The Los Angeles Employment Attorney Services blog is an online portal of elite group of employment and labor law attorneys of Mesriani Law Group.

Wednesday, April 24, 2013

L.A.’s Renowned Sushi Hotspot Cited for Labor Law Violations

Who would have thought that the employees of the second most expensive restaurant across the United States are underpaid?

Several big media sources have confirmed that Los Angeles City’s renowned sushi hotspot, Urasawa, was cited by California’s Labor Commissioner Julie A. Su following a government investigation.

Reports said that the investigation revealed that the sushi restaurant’s employees often work 10.5 hours a day without receiving overtime pay or proper rest or meal breaks. In addition, the labor commission found out that Urasawa failed to provide wage statements itemizing the number of hours that the employees worked and their rate pay, which is another violation of the California employment laws.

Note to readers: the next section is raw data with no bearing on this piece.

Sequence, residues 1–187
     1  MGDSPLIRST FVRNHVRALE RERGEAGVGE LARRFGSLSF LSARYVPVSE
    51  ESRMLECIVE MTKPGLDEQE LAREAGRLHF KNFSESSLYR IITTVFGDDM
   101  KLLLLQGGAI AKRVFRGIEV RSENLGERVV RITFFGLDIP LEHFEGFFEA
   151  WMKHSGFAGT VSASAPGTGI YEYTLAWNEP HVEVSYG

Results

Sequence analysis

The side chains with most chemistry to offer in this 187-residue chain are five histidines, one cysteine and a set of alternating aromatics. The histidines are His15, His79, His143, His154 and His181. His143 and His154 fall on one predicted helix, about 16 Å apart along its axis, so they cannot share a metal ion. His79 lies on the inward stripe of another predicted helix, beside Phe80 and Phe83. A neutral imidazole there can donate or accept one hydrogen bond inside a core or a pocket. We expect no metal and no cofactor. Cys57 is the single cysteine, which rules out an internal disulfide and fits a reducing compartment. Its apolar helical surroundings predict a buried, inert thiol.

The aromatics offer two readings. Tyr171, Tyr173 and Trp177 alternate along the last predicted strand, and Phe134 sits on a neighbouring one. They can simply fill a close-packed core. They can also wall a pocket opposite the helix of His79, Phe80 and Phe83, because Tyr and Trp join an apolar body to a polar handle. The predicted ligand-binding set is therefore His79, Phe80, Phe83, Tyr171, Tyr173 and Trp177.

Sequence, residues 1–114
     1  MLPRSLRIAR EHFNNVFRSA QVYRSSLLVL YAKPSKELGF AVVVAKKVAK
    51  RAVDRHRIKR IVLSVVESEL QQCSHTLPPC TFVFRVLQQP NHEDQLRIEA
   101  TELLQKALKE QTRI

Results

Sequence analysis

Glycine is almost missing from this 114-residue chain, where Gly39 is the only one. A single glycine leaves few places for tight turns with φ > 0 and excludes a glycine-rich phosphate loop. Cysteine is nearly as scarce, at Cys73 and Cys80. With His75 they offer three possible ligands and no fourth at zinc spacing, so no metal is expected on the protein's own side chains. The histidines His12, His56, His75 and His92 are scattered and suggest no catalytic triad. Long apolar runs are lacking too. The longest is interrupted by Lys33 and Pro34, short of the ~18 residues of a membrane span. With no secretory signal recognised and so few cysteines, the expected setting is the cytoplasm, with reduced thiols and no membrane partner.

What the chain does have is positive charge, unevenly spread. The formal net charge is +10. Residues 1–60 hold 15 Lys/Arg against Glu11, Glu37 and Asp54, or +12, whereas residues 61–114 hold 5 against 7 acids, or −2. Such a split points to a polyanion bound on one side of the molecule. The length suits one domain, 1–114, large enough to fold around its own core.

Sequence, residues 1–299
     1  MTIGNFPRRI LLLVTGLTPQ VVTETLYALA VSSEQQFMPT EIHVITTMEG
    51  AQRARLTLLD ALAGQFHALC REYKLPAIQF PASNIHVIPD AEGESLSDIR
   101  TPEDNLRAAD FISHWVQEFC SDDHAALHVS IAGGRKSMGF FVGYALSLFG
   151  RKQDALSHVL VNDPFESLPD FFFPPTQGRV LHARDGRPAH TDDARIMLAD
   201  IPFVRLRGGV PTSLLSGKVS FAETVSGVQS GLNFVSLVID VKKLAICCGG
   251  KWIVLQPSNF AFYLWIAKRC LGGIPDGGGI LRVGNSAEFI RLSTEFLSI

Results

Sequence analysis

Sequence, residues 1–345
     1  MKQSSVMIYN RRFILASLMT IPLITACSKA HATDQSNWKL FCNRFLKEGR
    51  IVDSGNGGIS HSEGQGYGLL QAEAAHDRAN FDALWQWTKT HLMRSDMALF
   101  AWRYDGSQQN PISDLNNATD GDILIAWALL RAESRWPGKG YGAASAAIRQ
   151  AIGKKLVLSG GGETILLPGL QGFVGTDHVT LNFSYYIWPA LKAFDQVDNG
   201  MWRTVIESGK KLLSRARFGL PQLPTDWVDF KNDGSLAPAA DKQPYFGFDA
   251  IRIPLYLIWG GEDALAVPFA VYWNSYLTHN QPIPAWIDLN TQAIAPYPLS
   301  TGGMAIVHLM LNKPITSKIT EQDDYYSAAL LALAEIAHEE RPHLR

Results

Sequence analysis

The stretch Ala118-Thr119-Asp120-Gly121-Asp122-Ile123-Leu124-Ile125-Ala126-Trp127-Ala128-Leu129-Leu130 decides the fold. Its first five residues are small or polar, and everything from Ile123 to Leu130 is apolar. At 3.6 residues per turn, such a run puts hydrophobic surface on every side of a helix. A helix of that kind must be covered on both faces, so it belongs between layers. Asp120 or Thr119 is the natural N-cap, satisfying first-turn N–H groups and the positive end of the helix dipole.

Consequently, the restaurant was required to pay a total of $67,785.00 as monetary relief. Reportedly, at least $38,585.00 of which is for the unpaid wages of three workers who were told to work in excess of 10 hours each day without overtime pay, some $18,500 is for failing to provide wage deduction statements, and some $8,700.00 for failing to pay overtime and provide rest and meal periods.

The citation was in part of the statewide investigation to curb California’s labor law violators. In a recent research conducted by the University of California, Los Angeles’ (UCLA) Labor Center, it suggested that Los Angeles has the highest rates of wage theft over the country. In fact, each week, employers withhold $26.2 million from workers or a total of $1.4 billion a year.

So far, Urasawa, which was named after its owner, Hiroyuki Urasawa, ranked as the second most expensive restaurant in the U.S. Also, it often receives almost perfect reviews in Yelp for their pricey but satisfying meals. Apparently, much of its efforts were focused on its food and presentation alone but not on the quality of being a model employer. Hopefully, this citation will finally serve as a lesson for the eatery and other businesses in the state.

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